Jul 3, 2014
Beginning this summer, The Kitchen staff will be presenting selections from our archives, much of which has remained entirely unseen for decades. Taking up subjects ranging from dance and music to exhibitions and talks, this continuing series will occasionally be accompanied by rare photographs and footage unearthed as we prepare to transfer these invaluable documents to the Getty Archive for their preservation. Please check in often to see what gems we uncover!
In 1981, Anne Teresa De Keersmaeker traveled outside of Europe for the first time to study dance at New York University’s Tisch School of the Arts, where the twenty-one-year-old choreographer quickly became fascinated by minimalist music and dance’s blatant rejection of narrative, the dominant choreographic structure in her native Belgium. By the end of the next year, she had created Fase, four movements to the music of Steve Reich, which is recognized today not only as one of De Keersmaeker’s seminal works but also as a landmark example of contemporary dance’s interaction with musical composition.
As a highly structured dance examining speed, force, and physical exhaustion through a pedestrian vocabulary of movement and repetition, Fase was inspired by Reich’s unique experimentation with “phasing,” a technique in which two instruments begin and repeat a musical passage in sync, but gradually slip out of unison as one increases speed or subtly shifts the phrase. While she was in New York, De Keersmaeker created dances for two of the composer’s pieces, Come Out and Violin Phase, describing her project from the start as a remarkable fulfillment of her desire to “focus on pure dance and movement.” On her return to Brussels, she followed suggestions from Reich’s musicians to choreograph (with her frequent collaborator Michèle Anne De Mey) the opening and closing sections of Fase to the composer’s Piano Phase and Clapping Music. De Keersmaeker’s finished piece premiered at the Beursschouwburg in 1982 (with live accompaniment by Reich’s musicians), stunning critics with a debut performance that paved the way for the foundation of her company Rosas in 1983.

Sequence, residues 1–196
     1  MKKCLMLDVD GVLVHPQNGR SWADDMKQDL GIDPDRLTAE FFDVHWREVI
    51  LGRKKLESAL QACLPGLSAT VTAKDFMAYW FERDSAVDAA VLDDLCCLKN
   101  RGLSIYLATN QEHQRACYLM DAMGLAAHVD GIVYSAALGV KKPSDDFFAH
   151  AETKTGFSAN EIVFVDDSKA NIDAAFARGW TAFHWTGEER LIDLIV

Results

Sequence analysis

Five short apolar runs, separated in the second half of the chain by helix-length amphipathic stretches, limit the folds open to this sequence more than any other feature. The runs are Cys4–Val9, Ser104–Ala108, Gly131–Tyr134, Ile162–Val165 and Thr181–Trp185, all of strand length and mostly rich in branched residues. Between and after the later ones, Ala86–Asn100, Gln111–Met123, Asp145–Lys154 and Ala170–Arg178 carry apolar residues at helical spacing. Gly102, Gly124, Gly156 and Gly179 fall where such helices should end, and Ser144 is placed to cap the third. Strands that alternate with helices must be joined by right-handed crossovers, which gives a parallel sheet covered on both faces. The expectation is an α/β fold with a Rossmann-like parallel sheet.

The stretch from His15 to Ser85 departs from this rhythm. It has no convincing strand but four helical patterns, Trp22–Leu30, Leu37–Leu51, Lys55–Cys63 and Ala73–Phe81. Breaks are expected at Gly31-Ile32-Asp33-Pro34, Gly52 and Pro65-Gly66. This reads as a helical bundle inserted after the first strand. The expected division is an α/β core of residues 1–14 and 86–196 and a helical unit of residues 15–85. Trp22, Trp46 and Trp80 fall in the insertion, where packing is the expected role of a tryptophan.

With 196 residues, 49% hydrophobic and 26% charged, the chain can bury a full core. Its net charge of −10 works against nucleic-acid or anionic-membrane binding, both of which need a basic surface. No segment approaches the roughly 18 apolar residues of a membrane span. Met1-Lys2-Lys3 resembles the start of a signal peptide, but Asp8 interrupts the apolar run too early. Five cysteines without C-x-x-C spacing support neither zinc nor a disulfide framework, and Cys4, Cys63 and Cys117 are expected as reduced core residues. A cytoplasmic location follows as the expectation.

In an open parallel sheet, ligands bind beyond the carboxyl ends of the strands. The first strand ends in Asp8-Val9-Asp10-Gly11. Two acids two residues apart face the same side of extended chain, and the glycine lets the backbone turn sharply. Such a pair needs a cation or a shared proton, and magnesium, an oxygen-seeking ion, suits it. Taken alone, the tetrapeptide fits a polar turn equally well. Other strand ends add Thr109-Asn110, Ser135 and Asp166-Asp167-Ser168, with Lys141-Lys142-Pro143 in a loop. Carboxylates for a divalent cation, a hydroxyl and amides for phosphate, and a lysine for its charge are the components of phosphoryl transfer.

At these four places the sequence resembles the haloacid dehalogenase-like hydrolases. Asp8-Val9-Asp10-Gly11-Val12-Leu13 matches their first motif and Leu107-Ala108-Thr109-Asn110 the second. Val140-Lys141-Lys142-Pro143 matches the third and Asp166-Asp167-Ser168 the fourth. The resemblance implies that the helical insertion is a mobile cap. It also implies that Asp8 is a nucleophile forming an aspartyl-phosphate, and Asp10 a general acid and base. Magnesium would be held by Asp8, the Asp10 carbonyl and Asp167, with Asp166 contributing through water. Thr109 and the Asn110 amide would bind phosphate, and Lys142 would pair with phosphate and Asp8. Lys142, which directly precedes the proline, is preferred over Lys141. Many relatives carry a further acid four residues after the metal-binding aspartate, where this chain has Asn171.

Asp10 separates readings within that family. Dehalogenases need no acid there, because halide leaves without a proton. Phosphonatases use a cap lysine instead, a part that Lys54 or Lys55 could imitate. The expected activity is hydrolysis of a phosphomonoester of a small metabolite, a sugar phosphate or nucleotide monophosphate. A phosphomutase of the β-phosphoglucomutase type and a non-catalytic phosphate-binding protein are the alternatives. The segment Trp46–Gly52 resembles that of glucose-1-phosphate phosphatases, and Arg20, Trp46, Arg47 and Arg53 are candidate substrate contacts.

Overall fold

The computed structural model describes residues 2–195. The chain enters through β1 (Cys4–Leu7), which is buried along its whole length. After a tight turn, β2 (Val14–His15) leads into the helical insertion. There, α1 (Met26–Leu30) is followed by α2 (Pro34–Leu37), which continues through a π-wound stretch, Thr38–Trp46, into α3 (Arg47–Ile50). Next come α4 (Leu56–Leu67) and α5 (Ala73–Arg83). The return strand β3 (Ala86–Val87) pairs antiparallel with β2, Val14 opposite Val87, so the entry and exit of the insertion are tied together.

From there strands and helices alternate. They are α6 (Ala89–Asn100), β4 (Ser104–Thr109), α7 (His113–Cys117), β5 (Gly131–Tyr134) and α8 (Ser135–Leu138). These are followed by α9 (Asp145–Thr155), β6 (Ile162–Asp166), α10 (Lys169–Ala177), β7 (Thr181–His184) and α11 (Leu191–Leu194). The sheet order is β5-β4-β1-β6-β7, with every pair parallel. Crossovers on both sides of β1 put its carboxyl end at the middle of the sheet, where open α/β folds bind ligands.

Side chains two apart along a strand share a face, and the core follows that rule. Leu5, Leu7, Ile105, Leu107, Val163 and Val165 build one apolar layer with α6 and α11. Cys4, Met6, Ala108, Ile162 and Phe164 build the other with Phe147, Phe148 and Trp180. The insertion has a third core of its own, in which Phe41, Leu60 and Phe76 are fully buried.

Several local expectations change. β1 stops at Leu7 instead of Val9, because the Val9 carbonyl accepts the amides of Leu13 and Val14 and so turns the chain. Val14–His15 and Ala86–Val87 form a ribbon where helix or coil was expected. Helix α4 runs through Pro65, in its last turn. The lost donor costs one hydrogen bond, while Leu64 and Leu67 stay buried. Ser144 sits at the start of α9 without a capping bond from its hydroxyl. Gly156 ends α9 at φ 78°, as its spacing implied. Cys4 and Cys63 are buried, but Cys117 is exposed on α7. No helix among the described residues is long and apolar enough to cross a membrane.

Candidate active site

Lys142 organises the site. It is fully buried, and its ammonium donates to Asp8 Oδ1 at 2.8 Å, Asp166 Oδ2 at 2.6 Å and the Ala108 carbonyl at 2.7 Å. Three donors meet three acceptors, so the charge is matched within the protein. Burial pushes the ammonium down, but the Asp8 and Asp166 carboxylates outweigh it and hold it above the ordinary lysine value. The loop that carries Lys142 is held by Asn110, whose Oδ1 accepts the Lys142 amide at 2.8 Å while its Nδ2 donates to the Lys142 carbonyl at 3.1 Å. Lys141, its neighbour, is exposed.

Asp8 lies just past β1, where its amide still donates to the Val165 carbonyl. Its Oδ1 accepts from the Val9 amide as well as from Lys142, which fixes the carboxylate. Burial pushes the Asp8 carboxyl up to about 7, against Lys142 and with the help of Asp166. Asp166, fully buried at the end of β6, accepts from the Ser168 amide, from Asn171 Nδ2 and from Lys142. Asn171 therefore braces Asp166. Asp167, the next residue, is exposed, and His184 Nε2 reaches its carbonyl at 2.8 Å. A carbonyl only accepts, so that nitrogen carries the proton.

De Keersmaeker and De Mey last performed Fase together in 1998, when the duo appeared at The Kitchen, where Reich himself saw the work for the very first time. “Of all the choreography done to my music,” he would note in one interview, “this was by far this best thing I’d seen. The way that she used the phasing principle…; the brilliant use of lighting in ‘Piano Phase,’ so that their shadows are like alter egos; the way ‘Come Out’ picked up the implicit violence in the piece — it was all analogous to the music. On an emotional and psychological level I felt I’d learned something about my own work.”
Critics similarly celebrated De Keersmaeker’s Kitchen performances, which were decidedly at odds with the day’s prevailing artistic currents in dance. “Few people have spent sleepless hours yearning for the return of '70s minimalism in dance,” wrote Deborah Jowitt in the Village Voice. “But when you see such a sterling example, it sweeps your mind clean of all the dance theater excesses.” Presented as part of the Lincoln Center Festival next week—and appearing in New York for the first time since its production at The Kitchen—Fase will no doubt once again prompt a new self-awareness among dance audiences today.
For more information on these upcoming performances of Fase, featuring De Keersmaeker with Rosas member Tale Dolven, please visit the Lincoln Center website.